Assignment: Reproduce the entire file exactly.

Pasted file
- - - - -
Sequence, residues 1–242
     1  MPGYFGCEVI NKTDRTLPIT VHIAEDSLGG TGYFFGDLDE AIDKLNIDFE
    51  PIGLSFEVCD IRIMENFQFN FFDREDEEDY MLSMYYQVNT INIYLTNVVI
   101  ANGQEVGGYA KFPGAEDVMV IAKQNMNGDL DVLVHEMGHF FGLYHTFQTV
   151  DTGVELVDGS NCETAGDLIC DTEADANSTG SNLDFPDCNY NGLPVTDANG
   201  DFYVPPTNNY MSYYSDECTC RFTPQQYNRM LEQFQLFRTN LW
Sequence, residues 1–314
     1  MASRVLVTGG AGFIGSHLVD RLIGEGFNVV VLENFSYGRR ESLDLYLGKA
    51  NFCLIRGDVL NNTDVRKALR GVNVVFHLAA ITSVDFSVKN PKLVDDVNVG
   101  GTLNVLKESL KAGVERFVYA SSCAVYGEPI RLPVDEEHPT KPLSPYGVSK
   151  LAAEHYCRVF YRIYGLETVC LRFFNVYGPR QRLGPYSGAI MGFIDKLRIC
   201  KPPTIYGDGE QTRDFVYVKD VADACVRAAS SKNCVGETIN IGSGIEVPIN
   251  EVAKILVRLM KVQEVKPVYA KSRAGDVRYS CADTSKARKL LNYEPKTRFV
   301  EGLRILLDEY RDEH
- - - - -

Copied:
Sequence, residues 1–242
     1  MPGYFGCEVI NKTDRTLPIT VHIAEDSLGG TGYFFGDLDE AIDKLNIDFE
    51  PIGLSFEVCD IRIMENFQFN FFDREDEEDY MLSMYYQVNT INIYLTNVVI
   101  ANGQEVGGYA KFPGAEDVMV IAKQNMNGDL DVLVHEMGHF FGLYHTFQTV
   151  DTGVELVDGS NCETAGDLIC DTEADANSTG SNLDFPDCNY NGLPVTDANG
   201  DFYVPPTNNY MSYYSDECTC RFTPQQYNRM LEQFQLFRTN LW
Sequence, residues 1–314
     1  MASRVLVTGG AGFIGSHLVD RLIGEGFNVV VLENFSYGRR ESLDLYLGKA
    51  NFCLIRGDVL NNTDVRKALR GVNVVFHLAA ITSVDFSVKN PKLVDDVNVG
   101  GTLNVLKESL KAGVERFVYA SSCAVYGEPI RLPVDEEHPT KPLSPYGVSK
   151  LAAEHYCRVF YRIYGLETVC LRFFNVYGPR QRLGPYSGAI MGFIDKLRIC
   201  KPPTIYGDGE QTRDFVYVKD VADACVRAAS SKNCVGETIN IGSGIEVPIN
   251  EVAKILVRLM KVQEVKPVYA KSRAGDVRYS CADTSKARKL LNYEPKTRFV
   301  EGLRILLDEY RDEH